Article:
Beit Shammai and Beit Hillel were the two premier schools of thought in the century that encompassed the destruction of the second Temple. These schools stemmed from two great thinkers, one strident, the other more insightful, emerged out of the chaos created in the dissolution of the Sanhedrin by Herod. While their relationship was collegial both contributing to the halachic discourse and enrichment of the community their progenitors as expected, had a more difficult time adjusting to a world where there was no Temple. These two schools of thought different as they were from each other in practice and philosophy had the community’s interest at heart. But beyond that each of them based their halachic positions on a principled understanding of text as well as a passionate love for their people. I mention this to set the record straight for those who may have read Shmaryahu Rosenberg’s op-ed in the Forward (“A Rabbinic Tea Party Precedent”, September 23, 2011) in which the School of Shammai was portrayed as a collection of delinquents and hooligans.
Rosenberg’s op-ed did a great injustice to the School of Shammai. He has interpreted the actions of that school through the lens of contemporary American politics, comparing the School of Shammai to the Tea Party movement associated with the Republican Party. If nothing else, the School of Shammai was committed to halachic solutions to real problems effecting real people who witnessed the annihilation of their spiritual center. Politics was not on the agenda, nor were they reacting to a groundswell of opinion or a popular movement. They were principled in their decisions, so much so that the Talmud suggests that until the bat kol (heavenly voice) is heard their point of view is as valid as the School of Hillel. Great scholars were supportive of the School of Shammai as evident by the support of the acclaimed sage Rabbi Tarfon. The Talmud Bavli (Shabbat 25b) in discussing who is considered a rich man sites Rabbi Tarfon of the School of Shammai who declaimed without chagrin that a rich man is ”one who has a hundred vineyards and a hundred fields and a hundred servants to work them”. This was quite different than the School of Hillel who believed a rich person was one who was satisfied with his lot, however small. The school of Shammai had no ulterior political or tax motives for saying this, but a sincere literal and lucid understanding of what it meant to be wealthy. The School of Hillel, being more politically correct perhaps of course, saw wealth as a metaphorically. Needless to say the School of Hillel never defined “rich”, rather defined what it means to be fulfilled or content.
Both approaches were acceptable to the sages and it is for this reason that they said not once that “elu v’elu divrei elohim chaim” (both this and that are the words of the living god), meaning that neither Hillel or Shammai have a monopoly on halachic interpretation. The use of “elu v’elu” referring to both schools would rule out the notion that the School of Shammai were extremists as Rosenberg would have us believe. Ultimately the School of Hillel superseded the School of Shammai perhaps because the bat kol finally came out in Yavne after 70CE in favor of Hillel. Perhaps however there was another reason. The School of Shmmai was noted as understanding text literally while Hillel saw text only through the prism of interpretation, reasonableness and creativity. Thus when the Torah informs us to read the prayer “shema” when “you lie down and when you rise up” the School of Shammai understood it literally. They believed it should be read in a prone position at night, while the School of Hillel understood it to mean that before you go to sleep read the shema and when you wake in the morning. One doesn’t have to be in a prone position to read the “shema” according to the School of Hillel but Rabbi Tarfon agreed with Shammai’s rendering of the text and would lie down before reading the “shema”.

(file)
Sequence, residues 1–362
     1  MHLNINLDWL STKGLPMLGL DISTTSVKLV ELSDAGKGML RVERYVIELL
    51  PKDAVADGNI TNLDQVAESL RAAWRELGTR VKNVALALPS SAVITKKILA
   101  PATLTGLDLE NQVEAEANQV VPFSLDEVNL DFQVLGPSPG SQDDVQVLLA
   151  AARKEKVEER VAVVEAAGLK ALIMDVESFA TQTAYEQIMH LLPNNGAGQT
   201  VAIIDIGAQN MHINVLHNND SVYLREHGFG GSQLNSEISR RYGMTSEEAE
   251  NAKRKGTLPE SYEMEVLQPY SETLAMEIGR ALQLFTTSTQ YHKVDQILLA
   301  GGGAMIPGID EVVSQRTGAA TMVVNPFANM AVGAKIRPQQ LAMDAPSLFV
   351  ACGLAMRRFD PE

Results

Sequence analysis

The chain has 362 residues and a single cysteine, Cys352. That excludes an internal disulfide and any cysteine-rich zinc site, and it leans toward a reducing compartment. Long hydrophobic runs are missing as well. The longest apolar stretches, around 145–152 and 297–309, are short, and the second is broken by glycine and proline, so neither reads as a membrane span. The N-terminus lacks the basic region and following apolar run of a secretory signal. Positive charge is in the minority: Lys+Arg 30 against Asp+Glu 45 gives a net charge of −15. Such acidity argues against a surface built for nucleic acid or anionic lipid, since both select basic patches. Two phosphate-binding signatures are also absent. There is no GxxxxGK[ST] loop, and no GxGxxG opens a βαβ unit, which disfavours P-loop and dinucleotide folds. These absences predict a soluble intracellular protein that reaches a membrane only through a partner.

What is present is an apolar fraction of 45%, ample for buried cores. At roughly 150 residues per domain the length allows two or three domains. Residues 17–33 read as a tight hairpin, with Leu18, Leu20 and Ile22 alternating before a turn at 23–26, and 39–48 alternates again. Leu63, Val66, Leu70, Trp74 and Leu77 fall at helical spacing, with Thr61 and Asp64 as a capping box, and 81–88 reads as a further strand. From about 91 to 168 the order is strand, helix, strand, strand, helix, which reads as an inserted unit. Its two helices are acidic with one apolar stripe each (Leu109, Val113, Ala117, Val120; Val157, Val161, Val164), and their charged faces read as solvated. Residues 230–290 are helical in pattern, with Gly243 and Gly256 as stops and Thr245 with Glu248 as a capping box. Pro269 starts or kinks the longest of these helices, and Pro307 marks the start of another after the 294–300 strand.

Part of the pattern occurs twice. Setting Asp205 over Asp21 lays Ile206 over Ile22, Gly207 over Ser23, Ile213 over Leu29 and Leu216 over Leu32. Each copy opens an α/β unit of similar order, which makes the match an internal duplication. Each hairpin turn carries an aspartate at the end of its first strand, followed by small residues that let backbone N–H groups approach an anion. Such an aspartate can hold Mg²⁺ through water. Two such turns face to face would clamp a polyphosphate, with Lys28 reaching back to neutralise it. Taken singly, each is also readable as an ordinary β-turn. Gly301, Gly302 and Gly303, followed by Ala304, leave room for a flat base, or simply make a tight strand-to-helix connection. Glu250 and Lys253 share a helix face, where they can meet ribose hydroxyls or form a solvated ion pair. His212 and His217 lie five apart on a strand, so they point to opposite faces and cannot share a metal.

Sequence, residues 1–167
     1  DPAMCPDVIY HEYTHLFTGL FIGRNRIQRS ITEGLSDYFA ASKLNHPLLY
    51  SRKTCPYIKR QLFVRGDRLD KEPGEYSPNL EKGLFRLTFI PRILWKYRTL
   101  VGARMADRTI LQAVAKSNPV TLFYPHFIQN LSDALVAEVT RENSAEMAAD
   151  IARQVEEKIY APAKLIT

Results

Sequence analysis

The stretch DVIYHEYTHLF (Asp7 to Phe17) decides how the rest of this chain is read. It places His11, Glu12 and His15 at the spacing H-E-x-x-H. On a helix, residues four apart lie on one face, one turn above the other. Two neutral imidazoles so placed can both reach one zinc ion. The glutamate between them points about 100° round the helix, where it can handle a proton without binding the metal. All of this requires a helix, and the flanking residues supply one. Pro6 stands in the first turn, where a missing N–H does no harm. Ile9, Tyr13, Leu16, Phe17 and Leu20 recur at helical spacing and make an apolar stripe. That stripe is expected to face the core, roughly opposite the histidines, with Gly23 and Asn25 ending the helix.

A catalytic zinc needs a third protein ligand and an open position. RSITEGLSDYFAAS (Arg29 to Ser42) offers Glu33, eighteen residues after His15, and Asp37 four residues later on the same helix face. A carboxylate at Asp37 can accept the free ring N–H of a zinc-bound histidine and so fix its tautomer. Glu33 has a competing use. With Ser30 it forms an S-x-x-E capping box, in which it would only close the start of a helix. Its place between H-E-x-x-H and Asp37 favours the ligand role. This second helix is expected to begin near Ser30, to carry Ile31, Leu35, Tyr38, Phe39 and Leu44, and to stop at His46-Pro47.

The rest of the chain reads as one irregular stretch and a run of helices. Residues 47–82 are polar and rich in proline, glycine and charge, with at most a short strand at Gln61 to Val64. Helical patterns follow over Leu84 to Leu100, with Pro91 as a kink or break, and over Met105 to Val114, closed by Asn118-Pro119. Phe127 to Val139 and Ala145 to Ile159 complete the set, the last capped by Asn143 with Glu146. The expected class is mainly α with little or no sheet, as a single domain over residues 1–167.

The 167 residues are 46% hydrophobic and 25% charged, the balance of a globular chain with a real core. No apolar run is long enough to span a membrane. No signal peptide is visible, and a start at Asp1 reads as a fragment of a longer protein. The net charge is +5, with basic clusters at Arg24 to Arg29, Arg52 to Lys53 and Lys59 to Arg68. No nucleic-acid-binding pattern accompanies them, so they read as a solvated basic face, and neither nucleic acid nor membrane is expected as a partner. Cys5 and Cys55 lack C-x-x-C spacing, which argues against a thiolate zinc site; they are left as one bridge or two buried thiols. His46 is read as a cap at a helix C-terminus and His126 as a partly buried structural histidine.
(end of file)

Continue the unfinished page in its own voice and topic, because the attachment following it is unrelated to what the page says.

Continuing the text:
The difference then between the two Schools was the following: The school of Shammai understood the text literally without the need for interpretation. The School of Hillel, more creative and imaginative, wished to probe deeper into what the text really meant and what its adherents were supposed to get out of the text. None of this meant that the School of Shammai was abusive or applied physical force to have their way. Rosenberg’s portrayal of the School of Shammai as intolerant and prone to hooliganism as evidenced by one famous instant that he sites is ridiculous. Of the 350 controversies between the two schools only once was there recorded behavior unbecoming of Talmudic scholars which they were.
The two schools emerged as an answer to the vacuum left when under Herod the Sanhedrin was disbanded as stated previously. In addition and no less important, the battles between the Sadducees and the Pharisees were coming to a close with the destruction of the Temple. The use of the word Pharisee was discouraged and ultimately dropped from usage because of its connotation; the rabbis wishing to end the in fighting known as “sinat chinom” (hateful for no reason) as well as any other forms of derisive behavior. The School of Shammai was part of this effort and to suggest otherwise is misreading Jewish history. Rosenberg’s reading of Shammai is flawed when he says “what Shammai didn’t understand is that the process of democracy itself has a value far beyond the laws decided through it, and circumventing it leads to extremism and disaster”. Perhaps Shammai didn’t grasp the value of a democratic system “a la” Western Democracy. Of course not. They were living in the Middle East two thousand years ago in the shadow of a destroyed Temple with hardly any infrastructure left and unprecedented carnage their lives in shambles without a clear grasp of what was to become of them. Their interest wasn’t democratic process; their concern was the very survival of the Jewish people.